Water on an urban planet: Urbanization and the reach of urban water infrastructure
Urban growth is increasing the demand for freshwater resources, yet surprisingly the water sources of the world's large cities have never been globally assessed, hampering efforts to assess the distribution and causes of urban water stress. We conducted the first global survey of the large cities' water sources, and show that previous global hydrologic models that ignored urban water infrastructure significantly overestimated urban water stress. Large cities obtain 78 ± 3% of their water from surface sources, some of which are far away: cumulatively, large cities moved 504 billion liters a day (184 km^3 yr^-1) a distance of 27,000 ± 3800 km, and the upstream contributing area of urban water sources is 41% of the global land surface. Despite this infrastructure, one in four cities, containing $4.8 ± 0.7 trillion in economic activity, remain water stressed due to geographical and financial limitations. The strategic management of these cities' water sources is therefore important for the future of the global economy.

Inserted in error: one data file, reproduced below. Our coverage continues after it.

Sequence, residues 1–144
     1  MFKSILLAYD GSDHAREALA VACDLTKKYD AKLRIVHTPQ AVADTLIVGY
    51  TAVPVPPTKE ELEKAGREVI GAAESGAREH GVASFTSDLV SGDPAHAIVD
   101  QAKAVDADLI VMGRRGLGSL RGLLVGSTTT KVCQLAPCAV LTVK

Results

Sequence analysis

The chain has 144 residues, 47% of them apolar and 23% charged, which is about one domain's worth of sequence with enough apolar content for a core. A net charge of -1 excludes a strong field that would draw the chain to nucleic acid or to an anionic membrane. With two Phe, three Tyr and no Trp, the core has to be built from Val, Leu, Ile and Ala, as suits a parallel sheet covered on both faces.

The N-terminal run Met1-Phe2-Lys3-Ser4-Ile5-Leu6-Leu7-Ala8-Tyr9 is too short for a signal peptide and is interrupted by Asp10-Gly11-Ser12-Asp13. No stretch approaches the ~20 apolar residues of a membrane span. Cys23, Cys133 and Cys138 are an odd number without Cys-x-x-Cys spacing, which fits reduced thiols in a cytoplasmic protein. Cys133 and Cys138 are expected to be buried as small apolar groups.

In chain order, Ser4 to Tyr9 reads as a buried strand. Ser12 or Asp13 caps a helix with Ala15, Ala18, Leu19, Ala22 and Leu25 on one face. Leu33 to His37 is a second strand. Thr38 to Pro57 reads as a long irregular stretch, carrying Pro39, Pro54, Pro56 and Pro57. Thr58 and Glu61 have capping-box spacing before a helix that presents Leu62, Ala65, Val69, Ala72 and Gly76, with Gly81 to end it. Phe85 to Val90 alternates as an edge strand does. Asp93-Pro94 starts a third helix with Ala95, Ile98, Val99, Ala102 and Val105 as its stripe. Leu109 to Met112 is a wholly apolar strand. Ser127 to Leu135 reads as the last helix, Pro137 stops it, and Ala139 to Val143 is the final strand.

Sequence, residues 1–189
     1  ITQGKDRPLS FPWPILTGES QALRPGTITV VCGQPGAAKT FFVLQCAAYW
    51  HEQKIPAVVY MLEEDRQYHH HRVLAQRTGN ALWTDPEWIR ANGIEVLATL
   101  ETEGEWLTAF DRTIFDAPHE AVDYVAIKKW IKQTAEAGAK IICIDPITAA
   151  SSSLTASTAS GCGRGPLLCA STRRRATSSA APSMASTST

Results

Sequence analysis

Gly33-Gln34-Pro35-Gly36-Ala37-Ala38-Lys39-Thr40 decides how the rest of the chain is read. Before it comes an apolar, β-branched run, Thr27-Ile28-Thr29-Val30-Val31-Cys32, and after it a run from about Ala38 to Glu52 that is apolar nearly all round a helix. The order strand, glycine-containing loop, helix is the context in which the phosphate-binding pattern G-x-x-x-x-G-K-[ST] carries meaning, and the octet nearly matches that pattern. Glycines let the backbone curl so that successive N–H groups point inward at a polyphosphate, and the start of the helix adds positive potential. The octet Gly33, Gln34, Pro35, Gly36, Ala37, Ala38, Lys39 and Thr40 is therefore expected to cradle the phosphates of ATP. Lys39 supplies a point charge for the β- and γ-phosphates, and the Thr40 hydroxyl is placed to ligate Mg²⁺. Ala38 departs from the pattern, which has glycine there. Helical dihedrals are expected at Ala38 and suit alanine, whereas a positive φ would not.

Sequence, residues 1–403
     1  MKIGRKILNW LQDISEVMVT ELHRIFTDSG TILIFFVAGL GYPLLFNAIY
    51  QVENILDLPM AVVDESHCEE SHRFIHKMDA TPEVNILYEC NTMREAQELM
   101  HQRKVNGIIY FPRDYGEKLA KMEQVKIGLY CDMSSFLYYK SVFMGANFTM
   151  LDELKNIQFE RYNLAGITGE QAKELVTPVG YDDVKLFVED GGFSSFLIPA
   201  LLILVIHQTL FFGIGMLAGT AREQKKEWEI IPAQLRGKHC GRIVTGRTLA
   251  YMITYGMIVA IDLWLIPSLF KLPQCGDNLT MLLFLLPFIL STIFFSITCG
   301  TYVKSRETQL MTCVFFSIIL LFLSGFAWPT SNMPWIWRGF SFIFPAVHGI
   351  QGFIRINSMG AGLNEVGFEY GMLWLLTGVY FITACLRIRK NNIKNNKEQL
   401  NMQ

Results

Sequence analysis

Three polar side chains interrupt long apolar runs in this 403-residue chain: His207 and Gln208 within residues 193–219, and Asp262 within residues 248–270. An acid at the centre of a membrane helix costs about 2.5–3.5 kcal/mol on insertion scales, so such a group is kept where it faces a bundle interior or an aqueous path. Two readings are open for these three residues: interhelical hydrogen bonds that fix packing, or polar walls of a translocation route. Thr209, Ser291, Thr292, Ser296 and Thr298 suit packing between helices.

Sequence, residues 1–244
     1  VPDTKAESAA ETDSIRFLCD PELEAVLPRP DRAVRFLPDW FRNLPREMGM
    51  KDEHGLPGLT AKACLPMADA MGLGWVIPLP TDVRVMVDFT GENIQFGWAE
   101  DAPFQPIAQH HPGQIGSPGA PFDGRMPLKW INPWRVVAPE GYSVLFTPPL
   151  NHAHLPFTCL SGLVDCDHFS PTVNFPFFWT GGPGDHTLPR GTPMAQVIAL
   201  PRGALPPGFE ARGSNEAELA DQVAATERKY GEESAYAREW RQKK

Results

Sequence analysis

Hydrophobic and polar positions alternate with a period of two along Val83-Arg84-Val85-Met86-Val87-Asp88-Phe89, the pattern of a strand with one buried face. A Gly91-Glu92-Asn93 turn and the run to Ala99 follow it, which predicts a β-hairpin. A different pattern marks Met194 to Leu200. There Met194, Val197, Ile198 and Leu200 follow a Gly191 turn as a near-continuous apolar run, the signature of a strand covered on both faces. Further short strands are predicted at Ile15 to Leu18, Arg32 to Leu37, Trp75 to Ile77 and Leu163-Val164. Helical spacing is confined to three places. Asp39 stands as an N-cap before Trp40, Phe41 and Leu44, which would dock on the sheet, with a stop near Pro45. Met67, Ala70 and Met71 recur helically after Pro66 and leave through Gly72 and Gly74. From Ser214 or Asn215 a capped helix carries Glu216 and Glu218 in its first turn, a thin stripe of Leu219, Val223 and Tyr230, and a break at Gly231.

McDonald, Robert I., Katherine Weber, Julie Padowski, Martina Florke, Christof Schneider, Pamela Green, Thomas Gleeson, Stephanie Eckman, Bernhard Lehner, Deborah Balk, Timothy Boucher, Gunther Grill, and Mark R. Montgomery. 2014. "Water on an urban planet: Urbanization and the reach of urban water infrastructure," Global Environmental Change 27: 96–105.
Population, Environmental Risks, and the Climate Crisis (PERCC)